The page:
LECTIO DIVINA: XXXIII Sunday in Ordinary Time, Cycle B

ephphatha (1)

Translated by Fray Dunstan Huberto Decena, OAR

Mk 7:31-37.

A. Invoking the Holy Spirit.

We invoke the Holy Spirit using the words of St. Augustine.

          Come, Holy Spirit. By whom every devout soul who believes in Christ is sanctified to become a citizen of the City of God! (en. Ps. 45:8) Come, Holy Spirit, grant that we receive the motions of God, put in us your flame, enlighten us and raise us up to God. (s. 128, 40) Amen.

B. Lectio.

With heart well disposed, with serenity, read slowly the following words, savoring them and allowing yourself to be touched by them.

          31 Again he left the district of Tyre and went by way of Sidon in the Sea of Galilee, into the district of the Decapolis. 32 And people brought to him a deaf man who had a speech impediment and begged him to lay his hand on him. 33 He took him off by himself away from the crowd. He put his finger into the man’s ears and, spitting, touched his tongue; 34 then he looked up to heaven and groaned, and said to him, “Ephphatha!”(that is, “Be opened!”). 35 And immediately the man’s ears were opened, his speech impediment was removed, and he spoke plainly. 36 He ordered them not to tell anyone. But the more he ordered them not to, the more they proclaimed it. 37 They were exceedingly astonished and they said, “He has done all things well. He makes the deaf hear and the mute speak.”+

C. Meditatio.

Let us now meditate with the commentary of St. Augustine on these words of the Gospel according to St. Mark.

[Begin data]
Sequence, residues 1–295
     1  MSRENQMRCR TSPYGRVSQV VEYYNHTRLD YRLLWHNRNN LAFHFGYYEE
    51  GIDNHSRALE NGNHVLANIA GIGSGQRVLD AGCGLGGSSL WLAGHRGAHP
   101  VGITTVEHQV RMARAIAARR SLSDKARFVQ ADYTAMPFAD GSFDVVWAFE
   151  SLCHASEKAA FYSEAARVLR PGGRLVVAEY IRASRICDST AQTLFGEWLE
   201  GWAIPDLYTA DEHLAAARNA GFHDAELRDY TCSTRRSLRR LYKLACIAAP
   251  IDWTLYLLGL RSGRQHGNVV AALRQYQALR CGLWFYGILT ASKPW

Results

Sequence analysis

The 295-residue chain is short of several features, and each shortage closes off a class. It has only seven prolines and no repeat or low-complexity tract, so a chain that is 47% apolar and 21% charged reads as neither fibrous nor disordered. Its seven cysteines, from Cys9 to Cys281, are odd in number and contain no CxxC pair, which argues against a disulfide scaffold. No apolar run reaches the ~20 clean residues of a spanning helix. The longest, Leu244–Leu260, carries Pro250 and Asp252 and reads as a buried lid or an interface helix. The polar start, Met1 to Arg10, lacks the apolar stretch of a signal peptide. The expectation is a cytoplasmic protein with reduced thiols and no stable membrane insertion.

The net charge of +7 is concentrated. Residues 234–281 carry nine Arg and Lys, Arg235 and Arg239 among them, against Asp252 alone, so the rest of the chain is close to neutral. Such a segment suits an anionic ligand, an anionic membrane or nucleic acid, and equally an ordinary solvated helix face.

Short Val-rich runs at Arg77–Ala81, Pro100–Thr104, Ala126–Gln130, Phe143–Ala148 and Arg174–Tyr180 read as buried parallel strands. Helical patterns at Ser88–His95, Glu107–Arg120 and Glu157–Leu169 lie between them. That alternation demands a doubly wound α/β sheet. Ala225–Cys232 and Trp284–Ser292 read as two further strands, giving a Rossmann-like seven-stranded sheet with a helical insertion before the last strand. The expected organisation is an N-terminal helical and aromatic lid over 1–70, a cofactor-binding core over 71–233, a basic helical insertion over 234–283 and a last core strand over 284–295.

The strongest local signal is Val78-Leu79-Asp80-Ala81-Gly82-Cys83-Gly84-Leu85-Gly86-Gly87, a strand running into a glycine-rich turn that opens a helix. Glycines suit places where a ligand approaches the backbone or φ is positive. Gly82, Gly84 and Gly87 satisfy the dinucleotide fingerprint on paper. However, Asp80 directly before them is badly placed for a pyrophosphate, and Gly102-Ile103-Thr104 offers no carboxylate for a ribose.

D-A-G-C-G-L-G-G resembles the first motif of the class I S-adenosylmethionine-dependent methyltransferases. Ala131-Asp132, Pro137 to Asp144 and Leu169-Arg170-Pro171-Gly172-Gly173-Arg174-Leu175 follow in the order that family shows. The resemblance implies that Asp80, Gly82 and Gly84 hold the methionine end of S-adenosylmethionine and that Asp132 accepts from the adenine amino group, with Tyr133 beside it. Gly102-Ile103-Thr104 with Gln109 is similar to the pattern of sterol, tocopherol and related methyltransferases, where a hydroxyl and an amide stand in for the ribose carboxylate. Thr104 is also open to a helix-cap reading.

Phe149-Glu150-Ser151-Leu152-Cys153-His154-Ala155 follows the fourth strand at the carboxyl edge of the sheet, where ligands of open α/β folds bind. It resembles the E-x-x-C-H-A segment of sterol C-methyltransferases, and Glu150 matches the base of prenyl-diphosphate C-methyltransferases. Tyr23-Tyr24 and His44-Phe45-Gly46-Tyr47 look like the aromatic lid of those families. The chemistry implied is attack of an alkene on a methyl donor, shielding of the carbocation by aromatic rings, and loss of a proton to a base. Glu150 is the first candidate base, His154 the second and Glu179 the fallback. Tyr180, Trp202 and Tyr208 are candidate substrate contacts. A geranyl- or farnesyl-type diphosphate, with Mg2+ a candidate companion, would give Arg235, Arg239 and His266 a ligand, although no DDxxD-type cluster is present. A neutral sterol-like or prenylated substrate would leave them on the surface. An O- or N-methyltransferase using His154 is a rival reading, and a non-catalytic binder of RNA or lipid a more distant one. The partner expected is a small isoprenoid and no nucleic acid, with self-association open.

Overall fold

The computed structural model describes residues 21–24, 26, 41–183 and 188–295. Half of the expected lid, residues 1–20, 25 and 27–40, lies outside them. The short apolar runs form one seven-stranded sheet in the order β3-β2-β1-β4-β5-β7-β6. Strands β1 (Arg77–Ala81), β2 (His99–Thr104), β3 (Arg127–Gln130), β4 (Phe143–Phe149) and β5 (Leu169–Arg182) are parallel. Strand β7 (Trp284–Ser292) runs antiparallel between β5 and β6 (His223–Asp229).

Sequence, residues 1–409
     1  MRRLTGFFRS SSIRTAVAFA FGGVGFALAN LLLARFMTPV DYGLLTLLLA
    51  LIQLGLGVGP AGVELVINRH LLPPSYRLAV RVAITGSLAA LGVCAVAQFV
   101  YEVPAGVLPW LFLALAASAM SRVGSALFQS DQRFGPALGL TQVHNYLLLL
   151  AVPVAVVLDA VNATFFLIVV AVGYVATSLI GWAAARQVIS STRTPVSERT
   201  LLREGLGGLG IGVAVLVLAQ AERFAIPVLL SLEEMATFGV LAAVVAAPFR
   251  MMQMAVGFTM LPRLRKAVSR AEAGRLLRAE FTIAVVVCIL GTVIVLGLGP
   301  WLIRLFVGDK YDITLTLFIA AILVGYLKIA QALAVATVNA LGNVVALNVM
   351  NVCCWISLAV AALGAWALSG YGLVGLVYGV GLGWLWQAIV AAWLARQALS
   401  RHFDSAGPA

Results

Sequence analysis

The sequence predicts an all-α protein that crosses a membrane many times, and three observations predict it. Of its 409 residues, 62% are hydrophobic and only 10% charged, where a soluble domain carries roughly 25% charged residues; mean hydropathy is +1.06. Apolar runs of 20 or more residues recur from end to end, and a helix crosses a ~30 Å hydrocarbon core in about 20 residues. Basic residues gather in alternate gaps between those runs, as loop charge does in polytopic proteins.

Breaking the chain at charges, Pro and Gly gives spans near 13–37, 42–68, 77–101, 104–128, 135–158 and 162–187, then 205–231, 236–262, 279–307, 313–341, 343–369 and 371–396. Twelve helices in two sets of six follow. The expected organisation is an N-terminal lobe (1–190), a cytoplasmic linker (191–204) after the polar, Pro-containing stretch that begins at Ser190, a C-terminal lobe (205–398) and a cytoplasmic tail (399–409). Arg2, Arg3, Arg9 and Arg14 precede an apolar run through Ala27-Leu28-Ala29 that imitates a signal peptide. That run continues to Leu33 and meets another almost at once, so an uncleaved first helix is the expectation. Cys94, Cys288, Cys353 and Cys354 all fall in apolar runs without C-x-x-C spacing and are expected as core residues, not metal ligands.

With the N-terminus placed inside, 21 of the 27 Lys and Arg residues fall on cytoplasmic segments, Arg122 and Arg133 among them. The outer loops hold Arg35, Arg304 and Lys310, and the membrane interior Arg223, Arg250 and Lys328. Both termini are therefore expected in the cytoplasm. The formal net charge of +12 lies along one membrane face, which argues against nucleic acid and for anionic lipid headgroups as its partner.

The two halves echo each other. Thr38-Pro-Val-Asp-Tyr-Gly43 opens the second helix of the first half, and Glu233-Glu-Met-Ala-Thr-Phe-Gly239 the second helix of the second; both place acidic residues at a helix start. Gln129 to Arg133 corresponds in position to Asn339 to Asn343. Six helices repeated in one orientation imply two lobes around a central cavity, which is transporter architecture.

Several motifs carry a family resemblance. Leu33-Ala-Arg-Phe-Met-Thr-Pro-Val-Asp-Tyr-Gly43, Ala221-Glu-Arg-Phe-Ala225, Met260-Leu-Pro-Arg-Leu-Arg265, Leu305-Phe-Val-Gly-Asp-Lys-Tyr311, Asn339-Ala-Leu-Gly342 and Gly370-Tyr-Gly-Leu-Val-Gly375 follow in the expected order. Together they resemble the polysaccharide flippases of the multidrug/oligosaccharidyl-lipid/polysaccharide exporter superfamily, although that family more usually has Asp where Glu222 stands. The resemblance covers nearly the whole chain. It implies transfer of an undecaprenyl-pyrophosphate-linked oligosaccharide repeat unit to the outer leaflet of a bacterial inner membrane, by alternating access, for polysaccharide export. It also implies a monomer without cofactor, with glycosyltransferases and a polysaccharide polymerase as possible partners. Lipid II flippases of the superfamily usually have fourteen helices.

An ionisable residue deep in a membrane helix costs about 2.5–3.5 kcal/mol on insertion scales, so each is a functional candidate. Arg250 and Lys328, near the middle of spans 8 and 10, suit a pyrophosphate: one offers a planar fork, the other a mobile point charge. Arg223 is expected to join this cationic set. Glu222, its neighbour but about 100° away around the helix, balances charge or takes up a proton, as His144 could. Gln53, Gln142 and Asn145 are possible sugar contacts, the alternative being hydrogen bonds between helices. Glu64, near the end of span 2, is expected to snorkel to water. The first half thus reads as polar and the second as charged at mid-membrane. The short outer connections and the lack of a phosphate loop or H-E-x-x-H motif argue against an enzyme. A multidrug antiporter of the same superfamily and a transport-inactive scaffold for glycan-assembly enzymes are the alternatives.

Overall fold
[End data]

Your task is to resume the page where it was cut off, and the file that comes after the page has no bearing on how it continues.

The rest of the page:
St. Augustine realizes that the cure of the deaf that Jesus performs has a symbolic and spiritual meaning. It deals with the deafness of the soul, with opening the heart of the person to enable it to hear the word of God and be able to be converted. Whoever is far from God and does not hear his word, even though the body may be alive, his soul is dead. On the contrary, whoever  believes in Christ and has been cured of  interior deafness, can listen to the word of Christ and live forever. St/ Augustine comments thus: Since the soul is better than the body, so also the health of the soul is better than that of the body. Now the blind eyes of the flesh do not open by a miracle of God, but surely the heart opens the eyes by its word. It does not now raise up a mortal cadaver, rather he raises up the soul that lay dead in a living body. Now the deaf ears of the body are not opened, but how many are those who had closed the ears of the heart that nevertheless are opened when the word of God penetrates them, in such a way that they who did not believe now believe, and they now live holy lives who lived profligately, and now obey those who did not obey! We also say: ‘Such person has come to the faith,’ and we are surprised when we hear that the person referred to we had known as hard—hearted. Why are you then surprised that now he believes, harms no one, serves God, but because you notice that he whom you knew was blind now sees; that he who you knew was dead now lives; and he whom you knew was deaf now hears? Therefore, see another class of dead persons, those to whom the Lord referred on saying that certain person delayed in following him, because he wanted to bury his father; he says: let the dead bury its dead. Certainly, those who bury the dead are not physically dead, because. if that were so, they could not bury dead bodies. Still he calls them dead; where are they dead except interiorly, in the soul? Similarly, in the field of the visible, it also frequently happens that in a standing house in good state lies a dead owner of the same, so too in a healthy body many have the soul dead in its interior. These also the Apostle awakens with these words: Rise up, you who sleep and come out from among the dead and Christ will illumine you. He who gives sight to the blind is the same as the one who raises the dead. It is his voice, using the Apostle, that shouts to the dead: Rise up, you sleeper. The blind shall be illumined by the light, once he is risen. How many were not deaf that the Lord had before his eyes when he said: Whoever has ears to hear, let him hear!  For, who was in his presence without physical ear? What other ears then did he seek if not those of the interior man? (s. 88,31).